Sid Jacobson JCC raises $1.4M at 23rd annual auction, gala for social services

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Sid Jacobson JCC raises $1.4M at 23rd annual auction, gala for social services
Guests enjoyed delicious food from more than 30 of Long Island’s finest restaurants, including Nisen Sushi. (Photo courtesy of Sid Jacobson JCC)

Sid Jacobson Jewish Community Center’s “Eat. Bid. Laugh! An Auction & Epicurean Event” auction and gala fundraiser garnered $1.4 million last week during the event headlined by “The Daily Show” host Trevor Noah.

The event, which is used to fund a host of social services provided by the East Hills center, was held Thursday at Fresh Meadow Country Club with more than 30 restaurants providing hors d’oeuvres before the dinner and entertainment with Noah.

Hundreds of guests excitedly bid on a wide range of prizes during Sid Jacobson JCC’s Eat. Bid. Laugh! An Auction & Epicurean Event on March 22 at Fresh Meadow Country Club in Lake Success. (Photo courtesy of Sid Jacobson JCC)

“One of our most important features tonight is Camp Kehilla, which is our camp for children with special needs,” Connie Wasserman, associate executive director of the JCC, said. “We serve children from all over Long Island of all socio-economic levels. This event raises money specifically for scholarships so that no child is ever turned away from Camp Kehilla.”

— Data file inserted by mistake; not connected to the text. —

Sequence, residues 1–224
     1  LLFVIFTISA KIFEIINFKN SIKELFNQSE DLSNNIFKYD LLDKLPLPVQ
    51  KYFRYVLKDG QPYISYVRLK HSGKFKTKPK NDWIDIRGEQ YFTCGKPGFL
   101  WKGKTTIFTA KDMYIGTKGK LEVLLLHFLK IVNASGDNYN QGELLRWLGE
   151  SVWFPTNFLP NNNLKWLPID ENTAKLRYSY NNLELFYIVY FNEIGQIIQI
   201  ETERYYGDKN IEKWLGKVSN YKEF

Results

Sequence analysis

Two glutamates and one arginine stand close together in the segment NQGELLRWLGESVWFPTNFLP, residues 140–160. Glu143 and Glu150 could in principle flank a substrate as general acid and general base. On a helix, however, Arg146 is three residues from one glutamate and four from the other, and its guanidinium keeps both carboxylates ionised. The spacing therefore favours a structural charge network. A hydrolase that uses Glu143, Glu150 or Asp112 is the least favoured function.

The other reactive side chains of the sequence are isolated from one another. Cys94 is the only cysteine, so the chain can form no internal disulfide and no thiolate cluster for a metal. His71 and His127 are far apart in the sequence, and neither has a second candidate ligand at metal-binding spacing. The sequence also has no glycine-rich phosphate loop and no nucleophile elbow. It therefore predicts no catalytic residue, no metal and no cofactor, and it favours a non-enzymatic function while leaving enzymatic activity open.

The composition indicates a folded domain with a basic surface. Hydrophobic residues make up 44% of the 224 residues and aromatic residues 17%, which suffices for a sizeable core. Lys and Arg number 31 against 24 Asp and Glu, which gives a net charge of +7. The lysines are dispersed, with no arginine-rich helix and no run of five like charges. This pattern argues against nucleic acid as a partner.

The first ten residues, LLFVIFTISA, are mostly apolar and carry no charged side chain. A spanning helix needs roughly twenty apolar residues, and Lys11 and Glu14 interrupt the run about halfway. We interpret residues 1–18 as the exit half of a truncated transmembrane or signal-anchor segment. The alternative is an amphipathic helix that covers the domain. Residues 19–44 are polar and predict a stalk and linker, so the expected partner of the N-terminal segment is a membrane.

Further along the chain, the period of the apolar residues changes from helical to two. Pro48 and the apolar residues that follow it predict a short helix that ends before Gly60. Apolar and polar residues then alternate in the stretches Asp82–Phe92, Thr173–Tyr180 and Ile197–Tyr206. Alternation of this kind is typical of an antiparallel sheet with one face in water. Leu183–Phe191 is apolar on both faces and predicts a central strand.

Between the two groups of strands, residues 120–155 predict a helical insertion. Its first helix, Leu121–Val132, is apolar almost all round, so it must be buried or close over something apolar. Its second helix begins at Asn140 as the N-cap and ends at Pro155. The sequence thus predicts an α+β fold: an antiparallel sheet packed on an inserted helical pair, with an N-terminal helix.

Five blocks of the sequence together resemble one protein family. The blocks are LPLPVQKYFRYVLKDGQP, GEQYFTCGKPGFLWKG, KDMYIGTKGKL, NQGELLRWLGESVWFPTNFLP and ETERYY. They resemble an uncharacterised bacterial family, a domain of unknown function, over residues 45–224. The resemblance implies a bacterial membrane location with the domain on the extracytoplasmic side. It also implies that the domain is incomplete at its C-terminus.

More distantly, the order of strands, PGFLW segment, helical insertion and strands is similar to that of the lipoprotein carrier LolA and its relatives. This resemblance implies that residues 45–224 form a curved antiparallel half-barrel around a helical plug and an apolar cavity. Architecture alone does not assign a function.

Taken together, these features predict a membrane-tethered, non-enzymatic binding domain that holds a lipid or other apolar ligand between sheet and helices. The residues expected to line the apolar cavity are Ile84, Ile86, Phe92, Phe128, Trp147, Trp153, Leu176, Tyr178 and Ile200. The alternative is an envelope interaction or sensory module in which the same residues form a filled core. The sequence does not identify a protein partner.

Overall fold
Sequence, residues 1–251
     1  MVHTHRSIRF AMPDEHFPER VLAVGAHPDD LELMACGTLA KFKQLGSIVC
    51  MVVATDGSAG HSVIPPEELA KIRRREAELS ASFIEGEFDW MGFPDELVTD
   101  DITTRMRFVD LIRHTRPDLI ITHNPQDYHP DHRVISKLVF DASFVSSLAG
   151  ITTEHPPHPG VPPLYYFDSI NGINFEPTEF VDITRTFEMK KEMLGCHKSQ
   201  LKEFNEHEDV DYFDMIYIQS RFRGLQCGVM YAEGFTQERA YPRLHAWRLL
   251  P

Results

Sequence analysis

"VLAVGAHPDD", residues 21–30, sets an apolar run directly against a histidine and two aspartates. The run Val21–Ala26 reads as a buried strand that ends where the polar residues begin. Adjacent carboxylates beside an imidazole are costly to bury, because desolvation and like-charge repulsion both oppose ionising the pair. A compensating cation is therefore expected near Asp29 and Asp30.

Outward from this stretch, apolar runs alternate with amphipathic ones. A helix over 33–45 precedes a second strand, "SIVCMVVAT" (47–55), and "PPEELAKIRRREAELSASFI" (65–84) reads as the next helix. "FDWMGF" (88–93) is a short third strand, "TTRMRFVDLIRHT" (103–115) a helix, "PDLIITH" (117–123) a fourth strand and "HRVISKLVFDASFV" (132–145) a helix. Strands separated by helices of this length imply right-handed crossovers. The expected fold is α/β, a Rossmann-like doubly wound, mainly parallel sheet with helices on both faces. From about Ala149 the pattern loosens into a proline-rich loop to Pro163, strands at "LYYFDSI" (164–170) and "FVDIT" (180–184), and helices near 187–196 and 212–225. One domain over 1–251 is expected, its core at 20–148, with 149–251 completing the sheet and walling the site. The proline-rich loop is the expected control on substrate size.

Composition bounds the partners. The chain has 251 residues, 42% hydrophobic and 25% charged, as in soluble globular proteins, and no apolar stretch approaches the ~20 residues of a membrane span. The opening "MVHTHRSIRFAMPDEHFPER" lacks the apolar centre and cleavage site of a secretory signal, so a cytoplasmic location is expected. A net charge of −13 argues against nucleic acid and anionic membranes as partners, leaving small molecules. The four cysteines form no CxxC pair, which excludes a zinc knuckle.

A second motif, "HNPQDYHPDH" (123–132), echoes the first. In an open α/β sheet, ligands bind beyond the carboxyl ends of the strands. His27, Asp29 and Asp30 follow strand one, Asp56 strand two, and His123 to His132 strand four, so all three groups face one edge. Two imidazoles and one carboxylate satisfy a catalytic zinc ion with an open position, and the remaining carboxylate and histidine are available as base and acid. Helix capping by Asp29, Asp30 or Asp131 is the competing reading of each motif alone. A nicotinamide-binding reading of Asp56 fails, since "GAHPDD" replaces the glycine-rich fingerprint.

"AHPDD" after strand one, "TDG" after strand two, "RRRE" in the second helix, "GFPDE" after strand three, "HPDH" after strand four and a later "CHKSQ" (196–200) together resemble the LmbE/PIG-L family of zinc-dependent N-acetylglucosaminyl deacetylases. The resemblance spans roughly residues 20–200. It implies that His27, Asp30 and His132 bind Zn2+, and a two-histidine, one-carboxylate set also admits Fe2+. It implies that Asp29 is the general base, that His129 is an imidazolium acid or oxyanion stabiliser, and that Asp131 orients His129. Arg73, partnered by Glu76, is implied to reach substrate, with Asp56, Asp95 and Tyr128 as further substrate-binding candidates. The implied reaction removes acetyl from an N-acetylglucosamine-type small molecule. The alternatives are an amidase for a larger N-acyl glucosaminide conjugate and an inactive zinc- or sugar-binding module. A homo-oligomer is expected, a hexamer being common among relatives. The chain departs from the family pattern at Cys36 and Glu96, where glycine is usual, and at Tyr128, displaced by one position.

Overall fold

Camp Kehilla, which has been in operation for more than 20 years, gives children with special needs an exclusive summer camp.

Executive Director David Black said while the center’s Camp Jacobson offers spots for all children, he said some special needs children will thrive in the exclusive environment with a three-to-one camper to counselor ratio.

Black said about 60 percent of the campers are on scholarships and the annual auction helps fund those scholarships.

“My favorite part is seeing the whole community come together as one and really support what we are doing and what we are trying to bring to the community,” President Jodi Rosenthal said. “To see the amount of people to support our center and their center is what this is all about.”

Wasserman said the auction also helps fund the center’s young onset dementia program for those in their 30s, 40s or 50s with dementia. Wasserman, who started the program in January of 2005, said the program was one dear to her heart.

The center also offers a vocational training and employment center for those on the autism spectrum who have aged out of school.

“We provide them with internships within the JCC and out in the community, and our goal is to bring them to that next level of employment where we start working with them and their families to give them the tools to become employed,” Wasserman said. “Our goal is to help these young adults become as independent as they can be, recognizing that everyone is an individual and at different levels.”

Event committee chairman Lloyd Rosenman said the auction items, which were all donated for the event, ranged from a 16-day trip for two to Vietnam, a golf excursion to Old Sandwich Golf Club in Massachusetts on a private plane and tickets with backstage access to “Hamilton: An American Musical,” “Frozen” and “Harry Potter and the Cursed Child.”

Rosenman, who also owns Tocolo Cantina, was one of more than 30 restaurants that donated food for the event.

“The heart of the JCC and the reason everybody comes out to this event is to assure that these vulnerable populations always remain front and center and always come first,” Black said. “These are our mothers, our fathers, our children, our grandparents, and we made a determination that this is the centerpiece of the JCC.”

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